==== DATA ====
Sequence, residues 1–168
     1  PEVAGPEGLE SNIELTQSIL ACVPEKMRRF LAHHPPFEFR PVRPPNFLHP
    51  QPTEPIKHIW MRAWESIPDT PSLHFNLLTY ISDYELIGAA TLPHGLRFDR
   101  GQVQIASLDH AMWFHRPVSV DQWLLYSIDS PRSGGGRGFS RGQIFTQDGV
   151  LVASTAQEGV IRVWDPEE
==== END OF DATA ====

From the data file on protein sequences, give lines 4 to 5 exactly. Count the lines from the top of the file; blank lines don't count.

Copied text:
   101  GQVQIASLDH AMWFHRPVSV DQWLLYSIDS PRSGGGRGFS RGQIFTQDGV
   151  LVASTAQEGV IRVWDPEE